Michael Douglas: 'As a cancer survivor you look pretty specifically at how you want to conduct the next year of your life'
Michael Douglas could never have anticipated he would be part of the Marvel Cinematic Universe, let alone be stepping out for a sequel. But he's enjoying the freedom Ant-Man has brought, he tells Gemma Dunn
Michael Douglas knows exactly who to go to for advice. Three years ago, the two-time Oscar-winning actor was discussing his decision to join the Marvel Cinematic Universe with youngest son Dylan.
Specifically, stepping into the shoes of Dr Hank Pym - the original tiny superhero and founding member of the Avengers - in Peyton Reed's revival of Ant-Man.
"He was 15 at the time, he's an actor himself," recalls Douglas (73). "He was looking (at me) very seriously, and he went, 'This could be good for your career'.
"I said, 'Oh thank you' and he said, 'You don't understand, dad, there is a whole new generation out there for you. You should think about doing a sequel'. And he was right, you know.
"It's just a whole bunch of new kids out there, these Marvel films. And the scope and the size of their successes is staggering," he reasons, the Ant-Man debut having since garnered over $500m worldwide. "The character-driven pieces I've done all of my life, successfully, are nowhere near the mass scale of these."
Fast forward to 2018 and the Hollywood veteran - who also shares daughter Carys with his famous actress wife Catherine Zeta-Jones - is primed and ready to walk the red carpet ahead of follow-up, Ant-Man and the Wasp.
He's reunited with Paul Rudd and Evangeline Lilly, who return as Scott Lang/Ant-Man and Hope Van Dyne/Wasp respectively.
This chapter will reportedly find Lang - in the aftermath of Captain America: Civil War - grappling with his choices as both a superhero and a father.
It's an adventure Douglas - eldest son of screen legend Kirk Douglas - was only too happy to re-join. "The best part about returning for a sequel is the opportunity to again work with Peyton, Paul, and Evangeline," insists the New Jersey native.
"There's that feeling of familiarity that informs the film-making process." Moreover, Ant-Man marks Douglas' first green screen movie. "I've never done it before and it's quite amazing," he says.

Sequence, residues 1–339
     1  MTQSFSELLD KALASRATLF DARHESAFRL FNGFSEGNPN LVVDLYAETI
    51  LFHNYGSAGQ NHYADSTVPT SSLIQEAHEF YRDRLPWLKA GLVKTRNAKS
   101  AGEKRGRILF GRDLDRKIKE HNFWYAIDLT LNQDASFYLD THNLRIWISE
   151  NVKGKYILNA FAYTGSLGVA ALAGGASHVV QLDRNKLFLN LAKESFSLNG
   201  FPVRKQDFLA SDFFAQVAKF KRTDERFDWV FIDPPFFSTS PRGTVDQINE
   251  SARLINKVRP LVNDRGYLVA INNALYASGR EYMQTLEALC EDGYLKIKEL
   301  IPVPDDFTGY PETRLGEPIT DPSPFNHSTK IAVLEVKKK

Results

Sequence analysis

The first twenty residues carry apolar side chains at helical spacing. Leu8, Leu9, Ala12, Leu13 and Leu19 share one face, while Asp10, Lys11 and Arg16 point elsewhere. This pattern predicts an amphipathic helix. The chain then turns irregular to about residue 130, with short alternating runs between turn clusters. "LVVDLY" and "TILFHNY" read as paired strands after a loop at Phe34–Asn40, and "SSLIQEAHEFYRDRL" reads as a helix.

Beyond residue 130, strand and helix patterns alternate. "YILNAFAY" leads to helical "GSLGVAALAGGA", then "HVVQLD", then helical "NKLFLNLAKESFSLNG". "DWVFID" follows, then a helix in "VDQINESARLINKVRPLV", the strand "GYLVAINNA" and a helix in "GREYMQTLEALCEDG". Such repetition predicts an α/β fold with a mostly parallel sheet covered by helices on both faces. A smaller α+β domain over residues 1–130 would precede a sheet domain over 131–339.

"They show you the pictures of what it's going to look like when it's all done; they coax you into trusting that you're going to have to overact - because these meteorites and monsters or whatever it is are coming at you. Every other picture I've ever done, I know how the scene ended. It went well. Here you go to the theatre for the first time and there it is."
The thespian and producer - whose resume includes titles in the independent and blockbuster genres - has enjoyed almost 50 years in the job, from his first credited gig in 1969 film Hail, Hero!, to Oscars for One Flew Over the Cuckoo's Nest and Wall Street, and stirring performances in such cult hits as Traffic and Fatal Attraction.
For someone with a career as lengthy as his, the tidal wave of change in the industry is no doubt palpable. "It's changed a lot in terms of the movies, because of these tent pole pictures and all the successes," he says.
"But because of streaming, because of Netflix, Amazon, Hulu - my wife's (even) doing a series now for Facebook - those smaller character-driven pictures that I used to do, you can do in that genre. But for feature films, it's the joy of the IMAX screen and seeing these things in 3D or on the big screen that's so special."
Speaking of his wife, could he see Catherine taking flight in the Marvel mayhem too? "She may do. Who knows?" he responds. "You never know when you're going to get a knock on the door - I didn't anticipate it, it wasn't something I was looking for.
"My agents, one day, presented me with the first Ant-Man, along with a big batch of comic books, because I had no idea what any of this was about," he confesses. "And there's a freedom to this Marvel world that I must say is a lot of fun. It's refreshing."
Have the goodwill themes that permeate Ant-Man made him reflect on his own past?
"The past? I'm pretty positive about it," Douglas insists. "We've all made our fair share of mistakes, but I've got a pretty good track record.
"I'm looking now at about 50 years in the business," he adds. "And I like my track record; I mean, the films I said no to, I didn't make many mistakes. I was pretty right on those.
"And as for the future, as a cancer survivor and somebody at this point in his career, you look pretty specifically as to how you want to conduct the next year of your life," he confides, having successfully battled tongue cancer following a 2010 diagnosis.
"You want to have direction," he finishes. "I choose when I want to work, when I want to spend time with my family and when I want to play golf."
- Ant-Man and The Wasp is in cinemas now